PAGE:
Literally, anything organic you would normally throw away can go in – but we make ours on Sunday morning after peeling the Sunday lunch veg. All the peel goes in – and by lunch time, we can also use the broth as a stock for gravy.

Protein-packed tricolour scrambled egg

tricolour omelette

Eggs used to get such a bad wrap but are now considered a health-conscious dream. Try this protein-packed tricolour scrambled egg for breakfast or elevenses. 

I absolutely love eggs – they’re such a great way of getting protein in your diet, which is essential for people who are exercising and want to lose weight.

Protein not only helps keep you full for longer but is also essential for rebuilding muscle that breaks down with exercise, meaning you come back fitter and stronger.

On the West Coast of the USA, it’s all about the egg white – it have most of the protein and less of the fat that’s in a yolk. But I can find whites only a little on the bland side, which is why I make this scrambled egg with four egg whites and one whole egg. There’s a whopping 12g of protein in a serving.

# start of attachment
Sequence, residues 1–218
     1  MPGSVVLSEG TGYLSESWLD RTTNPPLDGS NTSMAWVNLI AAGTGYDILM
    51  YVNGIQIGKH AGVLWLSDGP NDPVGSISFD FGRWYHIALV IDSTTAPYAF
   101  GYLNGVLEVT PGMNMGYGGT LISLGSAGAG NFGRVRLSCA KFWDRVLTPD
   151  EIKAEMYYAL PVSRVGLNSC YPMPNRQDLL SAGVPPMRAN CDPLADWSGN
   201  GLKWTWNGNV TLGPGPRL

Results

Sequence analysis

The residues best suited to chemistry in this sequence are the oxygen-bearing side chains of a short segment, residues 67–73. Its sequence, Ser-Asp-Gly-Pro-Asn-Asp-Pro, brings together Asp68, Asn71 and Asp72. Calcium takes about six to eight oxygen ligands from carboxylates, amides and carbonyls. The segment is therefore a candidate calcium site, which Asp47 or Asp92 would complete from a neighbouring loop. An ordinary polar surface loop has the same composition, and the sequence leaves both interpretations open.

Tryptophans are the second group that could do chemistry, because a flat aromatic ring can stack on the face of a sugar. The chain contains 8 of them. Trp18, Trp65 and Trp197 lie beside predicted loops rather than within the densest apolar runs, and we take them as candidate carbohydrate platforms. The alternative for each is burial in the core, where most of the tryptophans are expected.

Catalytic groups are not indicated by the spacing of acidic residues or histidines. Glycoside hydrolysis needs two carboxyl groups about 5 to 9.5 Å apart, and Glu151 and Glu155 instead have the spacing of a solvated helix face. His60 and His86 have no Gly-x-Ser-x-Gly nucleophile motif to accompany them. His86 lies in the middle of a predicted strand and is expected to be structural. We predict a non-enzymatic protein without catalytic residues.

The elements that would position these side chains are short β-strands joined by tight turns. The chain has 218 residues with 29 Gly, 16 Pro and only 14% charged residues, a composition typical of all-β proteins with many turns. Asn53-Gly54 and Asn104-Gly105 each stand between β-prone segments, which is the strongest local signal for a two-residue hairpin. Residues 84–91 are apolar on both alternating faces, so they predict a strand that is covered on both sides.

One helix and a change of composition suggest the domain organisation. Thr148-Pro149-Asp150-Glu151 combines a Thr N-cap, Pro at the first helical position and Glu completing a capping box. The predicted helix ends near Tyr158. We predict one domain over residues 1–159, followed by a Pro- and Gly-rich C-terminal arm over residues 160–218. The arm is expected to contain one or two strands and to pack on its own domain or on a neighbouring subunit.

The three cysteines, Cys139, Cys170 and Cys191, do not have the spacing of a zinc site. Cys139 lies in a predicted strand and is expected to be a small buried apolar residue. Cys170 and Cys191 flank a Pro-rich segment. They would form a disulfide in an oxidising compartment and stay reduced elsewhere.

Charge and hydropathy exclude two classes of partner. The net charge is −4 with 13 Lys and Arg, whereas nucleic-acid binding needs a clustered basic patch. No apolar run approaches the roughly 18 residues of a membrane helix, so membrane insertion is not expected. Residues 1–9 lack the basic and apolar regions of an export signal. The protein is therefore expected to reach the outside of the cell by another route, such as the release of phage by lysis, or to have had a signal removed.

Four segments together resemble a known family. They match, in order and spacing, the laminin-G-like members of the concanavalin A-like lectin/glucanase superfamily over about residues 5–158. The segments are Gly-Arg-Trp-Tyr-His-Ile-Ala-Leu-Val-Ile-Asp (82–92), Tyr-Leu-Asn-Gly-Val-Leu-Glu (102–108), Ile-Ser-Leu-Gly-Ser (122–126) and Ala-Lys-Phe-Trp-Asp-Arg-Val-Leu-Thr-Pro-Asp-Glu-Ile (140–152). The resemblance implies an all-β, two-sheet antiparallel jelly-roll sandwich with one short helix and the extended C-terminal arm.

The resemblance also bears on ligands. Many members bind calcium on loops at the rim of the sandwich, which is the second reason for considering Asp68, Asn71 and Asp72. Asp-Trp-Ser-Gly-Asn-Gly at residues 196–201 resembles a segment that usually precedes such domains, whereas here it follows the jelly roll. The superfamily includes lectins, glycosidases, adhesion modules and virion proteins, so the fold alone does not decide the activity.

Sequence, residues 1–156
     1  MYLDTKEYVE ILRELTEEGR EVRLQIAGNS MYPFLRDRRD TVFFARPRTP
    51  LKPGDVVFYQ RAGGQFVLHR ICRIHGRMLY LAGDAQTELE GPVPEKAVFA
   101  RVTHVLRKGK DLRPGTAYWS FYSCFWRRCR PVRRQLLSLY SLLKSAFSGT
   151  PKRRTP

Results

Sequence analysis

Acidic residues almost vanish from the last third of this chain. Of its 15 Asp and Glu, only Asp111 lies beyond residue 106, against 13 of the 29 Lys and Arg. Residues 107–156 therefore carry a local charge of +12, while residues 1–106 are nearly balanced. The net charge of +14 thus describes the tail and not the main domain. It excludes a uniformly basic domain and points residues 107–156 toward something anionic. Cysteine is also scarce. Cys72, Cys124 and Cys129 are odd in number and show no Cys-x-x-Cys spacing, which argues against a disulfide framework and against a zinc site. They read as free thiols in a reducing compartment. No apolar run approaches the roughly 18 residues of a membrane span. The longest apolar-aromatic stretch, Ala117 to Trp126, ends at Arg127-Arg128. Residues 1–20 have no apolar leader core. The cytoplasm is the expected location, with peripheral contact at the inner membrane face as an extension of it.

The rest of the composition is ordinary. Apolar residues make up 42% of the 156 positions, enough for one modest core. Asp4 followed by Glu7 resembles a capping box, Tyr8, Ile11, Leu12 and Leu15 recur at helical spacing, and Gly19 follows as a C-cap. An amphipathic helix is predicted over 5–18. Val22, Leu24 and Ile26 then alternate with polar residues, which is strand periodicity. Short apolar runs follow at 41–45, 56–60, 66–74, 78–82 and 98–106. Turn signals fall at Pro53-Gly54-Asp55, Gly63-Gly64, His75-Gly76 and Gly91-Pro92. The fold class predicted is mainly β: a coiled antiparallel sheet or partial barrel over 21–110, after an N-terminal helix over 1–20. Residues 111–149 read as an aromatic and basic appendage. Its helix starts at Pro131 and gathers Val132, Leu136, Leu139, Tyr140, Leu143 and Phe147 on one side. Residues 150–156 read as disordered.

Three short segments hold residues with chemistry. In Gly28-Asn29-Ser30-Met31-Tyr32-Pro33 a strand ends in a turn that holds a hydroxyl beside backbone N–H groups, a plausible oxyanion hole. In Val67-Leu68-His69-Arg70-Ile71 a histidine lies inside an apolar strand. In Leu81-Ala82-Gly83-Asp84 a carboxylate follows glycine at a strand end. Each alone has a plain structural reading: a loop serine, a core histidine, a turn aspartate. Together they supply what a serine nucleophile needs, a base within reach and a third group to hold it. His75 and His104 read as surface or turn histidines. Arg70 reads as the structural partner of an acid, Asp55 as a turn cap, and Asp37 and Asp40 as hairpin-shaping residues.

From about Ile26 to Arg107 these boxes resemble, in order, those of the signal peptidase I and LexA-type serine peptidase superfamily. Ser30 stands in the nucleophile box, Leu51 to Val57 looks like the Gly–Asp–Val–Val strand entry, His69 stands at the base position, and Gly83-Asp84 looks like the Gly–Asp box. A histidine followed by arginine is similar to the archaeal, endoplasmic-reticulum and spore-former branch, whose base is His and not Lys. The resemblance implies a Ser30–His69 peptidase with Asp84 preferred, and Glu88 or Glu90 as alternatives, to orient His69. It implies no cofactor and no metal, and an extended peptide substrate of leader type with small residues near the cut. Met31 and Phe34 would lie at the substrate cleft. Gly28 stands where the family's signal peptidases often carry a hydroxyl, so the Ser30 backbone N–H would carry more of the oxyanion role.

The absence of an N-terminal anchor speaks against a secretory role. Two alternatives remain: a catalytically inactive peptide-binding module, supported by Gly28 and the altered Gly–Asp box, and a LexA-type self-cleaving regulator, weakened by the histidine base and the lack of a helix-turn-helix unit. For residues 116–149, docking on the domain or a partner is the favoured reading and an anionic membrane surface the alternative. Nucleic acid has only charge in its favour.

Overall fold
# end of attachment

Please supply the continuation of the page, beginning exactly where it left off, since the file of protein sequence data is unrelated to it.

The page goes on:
The addition of peppers, onions and spinach adds vital antioxidants and ups the vitamin C and A count giving more than your recommended daily allowance – and at 207 calories, it won’t be too consuming if you’re calorie counting either.

5 large eggs
1 clove garlic
1/2 medium red pepper
1/2 medium yellow pepper
1 onion
1 cup spinach
1 tbsp olive oil


Finely chop your onion, garlic and peppers and add to a  frying pan with the olive oil. Put on a medium heat and allow to sweat until the onions become see-through.